Monday, November 17, 2008

High End Home Sales

Pain is spreading

That’s because homes priced at the half-million mark – and higher – are now also beginning to shrink in value. Initially, the properties hit hard by the subprime crisis were lower-priced dwellings more often than not bought by people with poor credit. But now, as too many of us are experiencing, the pain is spreading even to people with good credit and higher incomes.Until recently, sellers in wealthy neighborhoods were somewhat protected from the subprime credit crisis and were still drawing buyers with high salaries, good credit scores, and a cushion of savings. But the problems worsened after Lehman Brothers collapsed on Sept. 15 and credit markets froze, corporate giants laid off thousands of highly paid workers, and the stocks that padded the portfolios of the wealthy plummeted.And even once seemingly impervious markets such as New York City, Florida, and California, which had attracted well-heeled international buyers looking to take advantage of a weak dollar, began to struggle as the global economic slowdown washed over Europe, Asia, and even the Middle East.

Luxury home asking prices nationwide have fallen 5.4 percent since Jan. 4, and homes now stay on the market for 148 days compared with 125 days at the beginning of the year, according to The Institute for Luxury Home Marketing’s Luxury Market Report, which tracked prices through Nov. 7. The data – compiled by Altos Research – look at prices in the top 10 wealthiest zip codes in 30 large metro areas around the country.Waiting game“The entry level of the upper tier – the $500,000 price point and up – has been softening for a while,” said Laurie Moore-Moore, founder and CEO of the Institute for Luxury Home Marketing, a Dallas-based group that trains high-end agents.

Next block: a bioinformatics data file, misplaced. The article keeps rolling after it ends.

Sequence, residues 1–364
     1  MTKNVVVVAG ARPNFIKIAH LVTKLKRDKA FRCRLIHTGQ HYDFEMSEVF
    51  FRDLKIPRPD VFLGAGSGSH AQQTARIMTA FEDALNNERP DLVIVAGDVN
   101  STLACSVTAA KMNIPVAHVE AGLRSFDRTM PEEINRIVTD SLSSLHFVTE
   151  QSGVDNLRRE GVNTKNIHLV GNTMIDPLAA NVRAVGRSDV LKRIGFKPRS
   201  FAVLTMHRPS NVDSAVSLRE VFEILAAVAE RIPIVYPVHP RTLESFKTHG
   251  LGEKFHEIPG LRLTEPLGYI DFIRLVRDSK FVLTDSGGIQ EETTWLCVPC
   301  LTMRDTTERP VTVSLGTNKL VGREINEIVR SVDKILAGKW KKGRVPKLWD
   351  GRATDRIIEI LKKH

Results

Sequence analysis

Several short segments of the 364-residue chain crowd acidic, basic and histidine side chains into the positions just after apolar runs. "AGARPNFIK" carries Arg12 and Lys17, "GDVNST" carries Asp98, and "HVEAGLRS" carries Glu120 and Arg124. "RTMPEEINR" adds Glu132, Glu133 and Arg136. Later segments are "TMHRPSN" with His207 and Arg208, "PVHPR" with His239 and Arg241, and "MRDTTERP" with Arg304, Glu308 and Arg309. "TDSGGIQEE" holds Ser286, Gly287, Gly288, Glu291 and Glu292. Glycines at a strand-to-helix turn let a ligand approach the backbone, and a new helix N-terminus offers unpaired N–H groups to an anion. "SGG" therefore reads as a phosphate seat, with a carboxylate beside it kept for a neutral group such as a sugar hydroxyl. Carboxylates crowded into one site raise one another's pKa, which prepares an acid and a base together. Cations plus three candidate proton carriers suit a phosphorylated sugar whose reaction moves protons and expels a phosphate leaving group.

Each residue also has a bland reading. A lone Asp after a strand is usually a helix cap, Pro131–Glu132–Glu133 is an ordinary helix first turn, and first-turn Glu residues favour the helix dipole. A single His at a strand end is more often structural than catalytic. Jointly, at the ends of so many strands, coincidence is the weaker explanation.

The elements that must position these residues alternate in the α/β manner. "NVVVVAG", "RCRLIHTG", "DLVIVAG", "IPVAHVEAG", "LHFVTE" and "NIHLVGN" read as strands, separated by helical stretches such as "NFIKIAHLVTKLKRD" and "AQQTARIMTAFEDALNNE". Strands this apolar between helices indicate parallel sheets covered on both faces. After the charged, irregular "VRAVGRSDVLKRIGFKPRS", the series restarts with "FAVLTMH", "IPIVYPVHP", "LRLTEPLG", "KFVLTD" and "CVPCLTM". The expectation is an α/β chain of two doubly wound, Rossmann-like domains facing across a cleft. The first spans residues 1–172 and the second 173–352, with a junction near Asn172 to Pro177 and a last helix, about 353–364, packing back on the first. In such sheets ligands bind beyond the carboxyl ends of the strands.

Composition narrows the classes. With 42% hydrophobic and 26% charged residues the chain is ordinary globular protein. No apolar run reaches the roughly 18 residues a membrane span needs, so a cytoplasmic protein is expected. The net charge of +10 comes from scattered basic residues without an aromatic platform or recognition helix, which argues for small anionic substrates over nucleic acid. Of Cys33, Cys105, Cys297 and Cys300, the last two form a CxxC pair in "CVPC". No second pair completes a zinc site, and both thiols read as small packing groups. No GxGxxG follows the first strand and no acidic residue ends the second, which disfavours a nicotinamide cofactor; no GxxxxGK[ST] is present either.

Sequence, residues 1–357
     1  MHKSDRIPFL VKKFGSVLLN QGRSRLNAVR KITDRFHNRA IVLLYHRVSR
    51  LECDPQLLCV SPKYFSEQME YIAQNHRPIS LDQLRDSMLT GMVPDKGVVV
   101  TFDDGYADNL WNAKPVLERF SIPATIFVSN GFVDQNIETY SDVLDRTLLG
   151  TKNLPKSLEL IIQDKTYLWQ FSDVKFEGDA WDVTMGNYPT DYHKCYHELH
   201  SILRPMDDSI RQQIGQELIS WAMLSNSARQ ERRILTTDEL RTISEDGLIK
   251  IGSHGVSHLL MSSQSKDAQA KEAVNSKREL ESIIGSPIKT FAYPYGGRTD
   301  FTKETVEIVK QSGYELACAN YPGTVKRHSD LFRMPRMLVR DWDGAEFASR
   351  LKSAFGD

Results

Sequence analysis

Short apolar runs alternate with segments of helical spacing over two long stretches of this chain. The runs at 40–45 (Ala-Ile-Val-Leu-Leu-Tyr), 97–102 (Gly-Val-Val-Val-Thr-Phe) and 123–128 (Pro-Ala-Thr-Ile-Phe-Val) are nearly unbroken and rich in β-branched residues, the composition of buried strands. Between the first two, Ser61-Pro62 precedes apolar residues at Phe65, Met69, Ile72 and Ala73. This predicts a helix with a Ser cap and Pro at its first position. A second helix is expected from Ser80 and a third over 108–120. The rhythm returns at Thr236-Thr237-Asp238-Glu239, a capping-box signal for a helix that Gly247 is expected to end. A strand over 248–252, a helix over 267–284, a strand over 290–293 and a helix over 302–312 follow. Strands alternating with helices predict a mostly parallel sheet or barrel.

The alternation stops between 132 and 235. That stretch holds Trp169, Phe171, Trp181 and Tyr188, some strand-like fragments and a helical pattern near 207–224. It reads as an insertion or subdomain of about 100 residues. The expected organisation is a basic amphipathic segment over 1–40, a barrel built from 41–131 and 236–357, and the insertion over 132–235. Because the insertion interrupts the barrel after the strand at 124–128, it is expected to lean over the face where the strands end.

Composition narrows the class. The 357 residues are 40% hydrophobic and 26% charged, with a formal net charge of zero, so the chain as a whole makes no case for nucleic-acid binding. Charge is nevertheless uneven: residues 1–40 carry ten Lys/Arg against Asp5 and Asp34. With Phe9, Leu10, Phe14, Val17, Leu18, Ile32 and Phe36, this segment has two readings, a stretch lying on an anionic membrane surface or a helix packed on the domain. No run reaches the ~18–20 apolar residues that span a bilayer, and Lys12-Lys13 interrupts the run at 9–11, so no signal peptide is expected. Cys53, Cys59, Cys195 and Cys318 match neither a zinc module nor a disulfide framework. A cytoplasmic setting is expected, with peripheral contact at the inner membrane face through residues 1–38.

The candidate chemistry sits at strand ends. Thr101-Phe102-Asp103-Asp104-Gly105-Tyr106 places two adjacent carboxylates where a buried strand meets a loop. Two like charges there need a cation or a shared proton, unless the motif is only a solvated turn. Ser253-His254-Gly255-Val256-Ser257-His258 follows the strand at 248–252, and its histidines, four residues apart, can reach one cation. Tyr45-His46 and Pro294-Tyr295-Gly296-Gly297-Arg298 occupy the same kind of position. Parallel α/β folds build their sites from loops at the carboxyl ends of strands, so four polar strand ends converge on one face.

“What we’ve also seen in the last month is huge uncertainty at the very top of the market. People want to know where are we headed, how serious [the downturn] is going to be, and what is the duration. There are enough questions that at even at the top of the market people are waiting and watching.”Art Tassaro, a Realtor with Friedberg Properties in the wealthy New York suburb of Cresskill, N.J., said buyers have all but disappeared in the past few months. Sellers who want their home to move quickly need to be aggressive about pricing. One method is to average the three lowest sales prices in a given neighborhood during the past year and then discount that price by another 5 percent, he said.“If it was bad before, it’s worse now,” Tassaro said.

No comments: